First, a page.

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Daily roundup of research and analysis from The Globe and Mail’s market strategist Scott Barlow

Goldman Sachs strategist Ryan Hammond emphasized the negative implications of quickly rising inflation-adjusted (real) rates,

“US interest rates have moved sharply higher during the past two weeks, driven almost entirely by real rates. Since September 14, the nominal 10-year US Treasury yield has increased by 26 bp (1.28% to 1.54% as of this morning) and the real 10-year US Treasury yield has increased by 20 bp (-1.05% to -0.85%) … The current move in nominal rates represents a +1.4 standard deviation event and the move in real rates represents a +1.7 standard deviation event … S&P 500 returns have historically been below-average when rates rise by 1-2 standard deviations in a given month and negative when rates rise by 2+ standard deviations (Exhibit 2). The S&P 500 is particularly sensitive to real rate shocks today as the growing weight of technology has increased the implied duration of the index.”

Mr. Hammond went on to highlight that Fed-driven rises in real rates, as are happening now, are more harmful to the equity market than when real rates climb due to accelerating economic growth.

The inverse correlation between real rates and technology stock price to earnings ratios is a theme I’ve covered before and it’s one I will probably revisit shortly.

“@SBarlow_ROB GS: Not a great time for jumps in real rates” – (research excerpt) Twitter


Scotiabank analyst Mario Saric’s The REIT Stuff periodical warned investors in the sector that volatility is likely to climb as interest rates rise, but also that it should provide lucrative buying opportunities,

“The word ‘taper’ brings back instant harsh memories of 2013 for REIT investors … From peak to trough, Canadian REITs fell 18% in 2013, materially lagging the TSX and Financials Index, making it the worst-performing asset class on the TSX … Thus far, the 2021 ‘Taper Tantrum’ has proved much more pleasant for REITs, although it is still early days. In this monthly edition of The REIT Stuff, we compare today with 2013, ultimately concluding that the current situation should not be nearly as bad, but if it gets anywhere close to 2013, time to load up! … First, we think REIT price to NAV is more reasonable coming into the 2021 tapering … (NAV parity [now] versus almost double-digit premium [in 2013] … "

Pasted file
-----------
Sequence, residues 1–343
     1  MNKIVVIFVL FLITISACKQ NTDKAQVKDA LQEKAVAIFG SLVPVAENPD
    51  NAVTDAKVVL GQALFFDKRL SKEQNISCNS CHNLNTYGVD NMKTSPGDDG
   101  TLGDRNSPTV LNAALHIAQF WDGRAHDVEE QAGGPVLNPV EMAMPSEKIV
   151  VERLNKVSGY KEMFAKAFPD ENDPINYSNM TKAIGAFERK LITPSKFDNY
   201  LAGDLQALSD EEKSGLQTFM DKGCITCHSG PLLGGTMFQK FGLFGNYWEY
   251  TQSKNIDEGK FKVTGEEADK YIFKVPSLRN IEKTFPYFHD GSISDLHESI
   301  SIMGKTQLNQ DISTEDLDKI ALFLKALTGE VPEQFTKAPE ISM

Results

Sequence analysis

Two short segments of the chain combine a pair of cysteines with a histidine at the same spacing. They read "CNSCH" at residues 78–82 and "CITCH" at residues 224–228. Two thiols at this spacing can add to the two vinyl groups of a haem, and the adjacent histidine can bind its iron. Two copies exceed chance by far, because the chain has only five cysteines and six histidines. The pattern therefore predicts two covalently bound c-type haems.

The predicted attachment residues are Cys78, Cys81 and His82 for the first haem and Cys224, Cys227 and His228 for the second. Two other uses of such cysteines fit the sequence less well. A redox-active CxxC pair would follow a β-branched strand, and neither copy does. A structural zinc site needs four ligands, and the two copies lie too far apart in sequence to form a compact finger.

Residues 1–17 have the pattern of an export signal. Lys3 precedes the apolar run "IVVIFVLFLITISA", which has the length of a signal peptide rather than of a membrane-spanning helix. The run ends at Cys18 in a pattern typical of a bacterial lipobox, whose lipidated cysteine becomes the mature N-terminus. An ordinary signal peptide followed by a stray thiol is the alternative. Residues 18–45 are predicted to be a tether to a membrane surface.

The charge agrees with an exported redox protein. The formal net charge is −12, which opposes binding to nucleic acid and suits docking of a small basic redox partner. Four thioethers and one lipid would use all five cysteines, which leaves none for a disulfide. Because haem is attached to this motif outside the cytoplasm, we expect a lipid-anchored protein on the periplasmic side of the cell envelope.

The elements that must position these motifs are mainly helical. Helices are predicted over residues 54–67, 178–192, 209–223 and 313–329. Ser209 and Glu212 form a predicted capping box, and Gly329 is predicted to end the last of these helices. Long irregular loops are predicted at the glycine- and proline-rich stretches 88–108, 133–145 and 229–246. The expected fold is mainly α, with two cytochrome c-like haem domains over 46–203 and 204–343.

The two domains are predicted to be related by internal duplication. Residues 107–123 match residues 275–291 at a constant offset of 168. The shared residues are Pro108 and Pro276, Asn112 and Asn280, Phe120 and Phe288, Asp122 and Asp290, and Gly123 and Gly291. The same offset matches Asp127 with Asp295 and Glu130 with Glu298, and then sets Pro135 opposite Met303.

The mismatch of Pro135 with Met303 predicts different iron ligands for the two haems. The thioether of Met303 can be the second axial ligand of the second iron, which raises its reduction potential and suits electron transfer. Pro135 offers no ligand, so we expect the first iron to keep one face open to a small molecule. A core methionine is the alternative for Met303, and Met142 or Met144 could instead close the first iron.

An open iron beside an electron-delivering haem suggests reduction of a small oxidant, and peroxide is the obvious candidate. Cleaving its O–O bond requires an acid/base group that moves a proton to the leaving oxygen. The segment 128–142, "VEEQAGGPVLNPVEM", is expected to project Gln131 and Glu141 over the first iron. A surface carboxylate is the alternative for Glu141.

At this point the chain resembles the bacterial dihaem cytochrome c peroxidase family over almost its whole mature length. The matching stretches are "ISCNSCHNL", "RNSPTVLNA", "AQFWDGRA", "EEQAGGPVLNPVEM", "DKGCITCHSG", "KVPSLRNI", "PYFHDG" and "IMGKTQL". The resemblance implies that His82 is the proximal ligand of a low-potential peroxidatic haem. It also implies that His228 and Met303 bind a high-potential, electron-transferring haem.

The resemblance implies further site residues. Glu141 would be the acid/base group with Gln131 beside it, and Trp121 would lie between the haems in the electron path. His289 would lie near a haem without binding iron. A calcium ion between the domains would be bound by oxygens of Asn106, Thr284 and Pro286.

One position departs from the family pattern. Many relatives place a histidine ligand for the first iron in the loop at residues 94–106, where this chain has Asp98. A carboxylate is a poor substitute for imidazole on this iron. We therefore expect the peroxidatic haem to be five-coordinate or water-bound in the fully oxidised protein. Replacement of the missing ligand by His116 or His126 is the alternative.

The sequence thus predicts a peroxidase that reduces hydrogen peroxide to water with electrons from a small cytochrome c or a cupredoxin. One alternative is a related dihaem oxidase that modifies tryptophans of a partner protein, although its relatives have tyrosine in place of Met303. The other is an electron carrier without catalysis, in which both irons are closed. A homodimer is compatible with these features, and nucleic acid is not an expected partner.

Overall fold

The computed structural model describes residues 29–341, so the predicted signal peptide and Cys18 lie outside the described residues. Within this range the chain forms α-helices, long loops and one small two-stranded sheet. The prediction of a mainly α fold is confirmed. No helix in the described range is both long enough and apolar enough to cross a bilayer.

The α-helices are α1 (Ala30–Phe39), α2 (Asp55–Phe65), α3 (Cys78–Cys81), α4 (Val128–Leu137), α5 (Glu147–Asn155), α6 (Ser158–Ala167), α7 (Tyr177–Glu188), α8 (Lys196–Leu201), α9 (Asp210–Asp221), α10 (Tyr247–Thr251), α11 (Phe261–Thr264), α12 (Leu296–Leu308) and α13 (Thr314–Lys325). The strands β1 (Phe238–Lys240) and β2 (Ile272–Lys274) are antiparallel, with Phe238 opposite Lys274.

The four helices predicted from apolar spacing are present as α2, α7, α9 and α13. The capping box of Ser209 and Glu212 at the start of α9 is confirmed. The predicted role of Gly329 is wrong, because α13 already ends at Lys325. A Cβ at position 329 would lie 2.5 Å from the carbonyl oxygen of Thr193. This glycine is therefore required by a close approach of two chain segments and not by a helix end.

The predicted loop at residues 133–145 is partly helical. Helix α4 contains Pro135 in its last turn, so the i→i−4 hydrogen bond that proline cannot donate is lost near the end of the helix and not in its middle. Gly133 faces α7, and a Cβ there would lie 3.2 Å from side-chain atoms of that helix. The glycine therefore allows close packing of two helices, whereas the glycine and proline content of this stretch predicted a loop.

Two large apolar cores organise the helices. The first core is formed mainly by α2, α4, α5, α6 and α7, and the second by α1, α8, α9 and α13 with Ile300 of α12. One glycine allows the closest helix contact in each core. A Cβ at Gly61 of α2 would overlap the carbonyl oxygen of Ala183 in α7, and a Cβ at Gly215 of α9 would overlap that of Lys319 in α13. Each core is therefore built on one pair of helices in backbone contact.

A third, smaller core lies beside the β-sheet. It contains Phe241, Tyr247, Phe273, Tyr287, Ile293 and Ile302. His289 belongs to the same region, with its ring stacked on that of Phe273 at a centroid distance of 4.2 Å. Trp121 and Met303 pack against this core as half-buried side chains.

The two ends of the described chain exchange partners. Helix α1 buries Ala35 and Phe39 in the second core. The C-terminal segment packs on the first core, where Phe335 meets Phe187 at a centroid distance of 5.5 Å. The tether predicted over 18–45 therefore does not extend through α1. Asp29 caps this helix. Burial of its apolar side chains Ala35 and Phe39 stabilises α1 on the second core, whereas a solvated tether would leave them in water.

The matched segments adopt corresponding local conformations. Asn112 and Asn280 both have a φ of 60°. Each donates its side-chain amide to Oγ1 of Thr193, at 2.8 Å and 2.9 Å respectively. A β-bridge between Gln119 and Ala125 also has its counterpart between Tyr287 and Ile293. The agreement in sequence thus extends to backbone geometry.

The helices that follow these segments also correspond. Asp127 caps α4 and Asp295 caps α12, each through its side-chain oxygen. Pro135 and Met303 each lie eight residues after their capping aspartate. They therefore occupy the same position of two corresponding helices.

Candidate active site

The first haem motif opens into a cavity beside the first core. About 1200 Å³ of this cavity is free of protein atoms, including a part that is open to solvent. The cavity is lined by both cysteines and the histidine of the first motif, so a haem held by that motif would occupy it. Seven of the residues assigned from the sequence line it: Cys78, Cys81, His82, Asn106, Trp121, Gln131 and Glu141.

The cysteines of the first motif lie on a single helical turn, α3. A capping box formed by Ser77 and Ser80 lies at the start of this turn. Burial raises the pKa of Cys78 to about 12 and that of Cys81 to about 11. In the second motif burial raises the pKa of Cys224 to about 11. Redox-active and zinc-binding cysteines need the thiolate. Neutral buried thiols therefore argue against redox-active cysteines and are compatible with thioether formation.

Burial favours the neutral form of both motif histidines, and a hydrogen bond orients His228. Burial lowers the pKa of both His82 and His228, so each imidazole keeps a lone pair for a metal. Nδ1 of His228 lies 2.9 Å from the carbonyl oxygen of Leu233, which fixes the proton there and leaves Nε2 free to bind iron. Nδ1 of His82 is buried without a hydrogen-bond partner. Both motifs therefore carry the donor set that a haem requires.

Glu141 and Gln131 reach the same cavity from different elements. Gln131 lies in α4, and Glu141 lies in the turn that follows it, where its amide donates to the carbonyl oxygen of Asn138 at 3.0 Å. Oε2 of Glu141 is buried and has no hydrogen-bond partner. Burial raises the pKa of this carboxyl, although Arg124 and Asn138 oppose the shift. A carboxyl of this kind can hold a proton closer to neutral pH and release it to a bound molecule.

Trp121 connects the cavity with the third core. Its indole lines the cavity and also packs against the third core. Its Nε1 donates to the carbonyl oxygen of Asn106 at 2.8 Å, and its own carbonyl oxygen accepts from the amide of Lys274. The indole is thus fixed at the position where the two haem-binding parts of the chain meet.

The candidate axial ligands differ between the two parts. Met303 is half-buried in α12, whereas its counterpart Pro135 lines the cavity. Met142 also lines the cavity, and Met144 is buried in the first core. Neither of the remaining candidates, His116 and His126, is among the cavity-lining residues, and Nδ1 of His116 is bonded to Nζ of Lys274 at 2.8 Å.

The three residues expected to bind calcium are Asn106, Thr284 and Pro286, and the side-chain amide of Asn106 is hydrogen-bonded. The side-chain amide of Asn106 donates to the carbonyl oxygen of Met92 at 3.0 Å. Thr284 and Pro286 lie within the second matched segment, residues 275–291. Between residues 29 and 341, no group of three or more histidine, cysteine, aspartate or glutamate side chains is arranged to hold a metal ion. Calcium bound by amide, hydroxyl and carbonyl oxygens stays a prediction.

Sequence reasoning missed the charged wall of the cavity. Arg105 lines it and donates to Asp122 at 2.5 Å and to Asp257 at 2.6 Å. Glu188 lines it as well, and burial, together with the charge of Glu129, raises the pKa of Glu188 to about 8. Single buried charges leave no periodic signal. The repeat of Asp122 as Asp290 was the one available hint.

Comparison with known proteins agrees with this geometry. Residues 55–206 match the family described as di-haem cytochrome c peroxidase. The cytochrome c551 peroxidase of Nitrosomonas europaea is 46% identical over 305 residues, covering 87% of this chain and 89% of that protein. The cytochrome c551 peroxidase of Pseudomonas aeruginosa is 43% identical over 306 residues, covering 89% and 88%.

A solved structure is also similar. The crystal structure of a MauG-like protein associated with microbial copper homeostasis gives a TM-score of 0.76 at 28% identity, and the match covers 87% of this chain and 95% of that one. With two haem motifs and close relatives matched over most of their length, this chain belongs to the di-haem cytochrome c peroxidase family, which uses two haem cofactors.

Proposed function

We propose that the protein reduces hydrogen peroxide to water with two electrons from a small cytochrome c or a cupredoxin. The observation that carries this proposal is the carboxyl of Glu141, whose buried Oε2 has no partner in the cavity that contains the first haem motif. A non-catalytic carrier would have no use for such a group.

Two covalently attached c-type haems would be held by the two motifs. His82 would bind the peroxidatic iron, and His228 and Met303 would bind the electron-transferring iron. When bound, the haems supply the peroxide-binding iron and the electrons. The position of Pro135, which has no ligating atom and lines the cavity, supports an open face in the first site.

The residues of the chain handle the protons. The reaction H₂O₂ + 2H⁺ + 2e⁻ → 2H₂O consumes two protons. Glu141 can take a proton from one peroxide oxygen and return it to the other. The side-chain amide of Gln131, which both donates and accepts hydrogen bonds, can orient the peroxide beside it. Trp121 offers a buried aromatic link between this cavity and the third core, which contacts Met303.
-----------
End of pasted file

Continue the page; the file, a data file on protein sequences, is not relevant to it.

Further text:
Mr. Saric did not provide top picks – the report implies that it would be the unit prices most hard hit that investors to research – but he currently has outperform ratings on Brookfield Asset Management , Interrent REIT, Allied Properties REIT, Crombie REIT, Northwest Healthcare Properties REIT and Tricon Residential Inc.

“@SBarlow_ROB BNS: taper might bring buying opportunities in REITs” – (research excerpt) Twitter


Also from Scotiabank, strategist Huge Ste-Marie forecasted big jumps in energy stock profits,

“Both WTI and natural gas prices have been rallying strongly of late. The reopening trade is boosting demand, while the supply is probably tighter than-expected after a few hurricanes offset part of OPEC+’s higher output on global markets. U.S. oil inventories are not only standing below their 5-year average, but they’re pushing towards the bottom-end of their 5-year range, which is supporting prices. … If the $75 level is overcome (for at least a few days), we believe the technical road map would point towards much higher levels. The good news is that the sell-side consensus is using much lower commodity prices to derive EPS/CFPS [cash flow per share] forecasts. For instance, consensus pegs the Q4/21 average WTI price at US$69/bbl, Q1/22 at US$67/bbl, and Q2/22 at US$66/bbl. … Natural gas prices (US$6.15/mmbtu; blue line) are also much higher than the sell-side consensus over the next few quarters (US$3.34/mmbtu in Q4, US$3.50/mmbtu in Q1/22, and US$3.15/mmbtu in Q2). If the current upswing is more than just a blip, analysts will soon have to adjust their commodity price deck higher (leading to positive revisions to EPS/CFPS forecasts).”

“@SBarlow_ROB BNS on energy: ‘the sell-side consensus is using much lower commodity prices to derive EPS/CFPS forecasts” – (research excerpt) Twitter


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